It is only to be expected that those who apply absolute moral standards to the past should think in similar terms when it comes to the future. Ta-Nehisi Coates argues that the key to overcoming America’s racist past, and opening the way to a non-racist future, lies in reparations. While reparations are commonly understood to mean a cash payment to certifiable slave descendants, Coates is much less specific about the form they should take. But, however they are rendered, reparations are seen by Coates as a symbol of the payment of a moral debt the nation owes to black people for centuries of oppression. He dismisses the argument that not all white people, or even the majority, were complicit in this historic wrong. The country was defined since its birth as a white republic. It is therefore this republic that is morally indebted to its black population.
Coates also argues against those in the past who sought to address the race problem with economic and social programmes that would benefit all poor and working people. Coates supports such efforts, but counters that the crimes he is addressing were not committed against the poor and the working class, but against black people. The moral recompense is therefore owed to blacks in particular.
The problem with this thinking is that history is not a morality play, acted out by two collective players, black and white; nor is politics a court of law for settling ethical scores. Neither the black nor white populations are homogeneous groups. There was a time in the not-too-distant past - in the south, but not only there - when blacks were shut out of the larger society regardless of their economic standing or individual achievement. But that social reality has changed - somewhat if not completely. A significant layer of blacks - to which Coates and Hannah-Jones belong - has entered the technical-professional-managerial class. Nevertheless, a much bigger slice of the black population, because of the country’s sordid racial history, is left to bear the brunt of the deepening inequalities of the neoliberal era - poverty and unemployment; and the repressive methods - prison and police repression - used to contain a marginalised demographic.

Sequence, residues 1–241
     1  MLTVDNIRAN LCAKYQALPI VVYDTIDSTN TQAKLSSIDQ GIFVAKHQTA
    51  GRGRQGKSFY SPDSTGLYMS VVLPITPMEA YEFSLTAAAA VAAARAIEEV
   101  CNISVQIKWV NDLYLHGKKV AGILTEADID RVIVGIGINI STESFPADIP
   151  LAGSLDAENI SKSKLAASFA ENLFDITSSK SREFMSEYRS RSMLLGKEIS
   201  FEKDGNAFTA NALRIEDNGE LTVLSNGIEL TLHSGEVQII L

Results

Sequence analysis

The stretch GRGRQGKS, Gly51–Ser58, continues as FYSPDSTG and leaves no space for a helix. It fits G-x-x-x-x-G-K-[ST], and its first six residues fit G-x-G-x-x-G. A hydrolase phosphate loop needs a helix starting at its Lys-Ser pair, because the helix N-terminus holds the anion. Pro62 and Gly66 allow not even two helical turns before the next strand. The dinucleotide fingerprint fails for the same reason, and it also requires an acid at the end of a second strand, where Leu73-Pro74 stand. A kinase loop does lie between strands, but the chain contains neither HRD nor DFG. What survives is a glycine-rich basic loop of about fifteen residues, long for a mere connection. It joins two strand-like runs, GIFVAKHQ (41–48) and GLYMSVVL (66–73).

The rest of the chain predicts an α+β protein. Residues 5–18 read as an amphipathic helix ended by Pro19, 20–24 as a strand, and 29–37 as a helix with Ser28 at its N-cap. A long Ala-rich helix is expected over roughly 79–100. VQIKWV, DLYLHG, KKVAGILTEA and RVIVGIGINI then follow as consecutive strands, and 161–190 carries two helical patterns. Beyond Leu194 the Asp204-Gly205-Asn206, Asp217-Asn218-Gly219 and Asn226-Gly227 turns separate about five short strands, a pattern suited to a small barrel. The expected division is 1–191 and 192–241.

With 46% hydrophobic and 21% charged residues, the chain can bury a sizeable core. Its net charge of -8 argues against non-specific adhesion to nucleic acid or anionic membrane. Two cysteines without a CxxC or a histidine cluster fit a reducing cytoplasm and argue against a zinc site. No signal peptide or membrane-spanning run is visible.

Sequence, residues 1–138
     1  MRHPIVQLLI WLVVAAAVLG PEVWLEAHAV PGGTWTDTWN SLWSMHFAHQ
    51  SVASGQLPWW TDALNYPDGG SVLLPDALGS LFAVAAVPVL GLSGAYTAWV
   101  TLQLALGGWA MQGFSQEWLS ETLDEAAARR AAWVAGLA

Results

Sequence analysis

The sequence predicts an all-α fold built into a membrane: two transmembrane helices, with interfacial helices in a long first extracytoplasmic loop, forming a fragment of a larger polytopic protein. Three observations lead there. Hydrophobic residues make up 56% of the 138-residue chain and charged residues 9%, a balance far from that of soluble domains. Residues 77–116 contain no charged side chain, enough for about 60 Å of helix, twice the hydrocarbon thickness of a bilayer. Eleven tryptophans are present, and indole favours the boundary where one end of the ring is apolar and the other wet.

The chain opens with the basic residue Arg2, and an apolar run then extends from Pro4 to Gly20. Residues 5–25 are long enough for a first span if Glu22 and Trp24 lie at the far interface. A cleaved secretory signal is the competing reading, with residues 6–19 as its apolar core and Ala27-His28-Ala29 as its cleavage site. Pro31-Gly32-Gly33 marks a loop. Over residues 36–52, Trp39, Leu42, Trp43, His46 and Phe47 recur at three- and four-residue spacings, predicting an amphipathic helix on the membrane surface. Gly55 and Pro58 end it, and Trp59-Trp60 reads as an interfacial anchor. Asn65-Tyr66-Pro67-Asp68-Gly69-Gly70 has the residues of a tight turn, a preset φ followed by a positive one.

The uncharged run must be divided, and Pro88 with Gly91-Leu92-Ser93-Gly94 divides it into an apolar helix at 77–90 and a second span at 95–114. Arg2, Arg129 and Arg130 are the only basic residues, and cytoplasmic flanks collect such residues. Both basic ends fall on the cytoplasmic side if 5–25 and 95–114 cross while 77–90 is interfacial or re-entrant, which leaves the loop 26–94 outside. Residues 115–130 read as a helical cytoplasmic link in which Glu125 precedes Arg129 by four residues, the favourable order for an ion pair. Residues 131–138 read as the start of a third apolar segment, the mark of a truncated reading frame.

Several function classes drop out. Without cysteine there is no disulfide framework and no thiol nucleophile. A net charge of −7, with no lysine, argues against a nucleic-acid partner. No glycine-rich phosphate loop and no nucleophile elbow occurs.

Yet black people are not the only ones being marginalised. Behind the widespread participation of young white people in BLM protests stands the dimmed future prospects of the millennials and generation Z, who have come of age in the decades of austerity. The white population is no more homogeneous than the black. The above glance at American history shows that many have been consciously and actively racist, and a significant minority have been allies of black struggles. The majority, however, has been - and remains - somewhere in between. Protestors may now express themselves in the language of identity politics dominant in the classroom and the chat room, but the majority of whites will never accept responsibility for the situation of blacks. Any politics based on the demand for an act of collective contrition on their part is bound to fail.
Black oppression cannot be reduced to class exploitation, but the possibilities for black liberation must be linked to those of class struggle. Moral indignation, however justified, cannot by itself point the way to a new society, any more than it can serve to interpret history.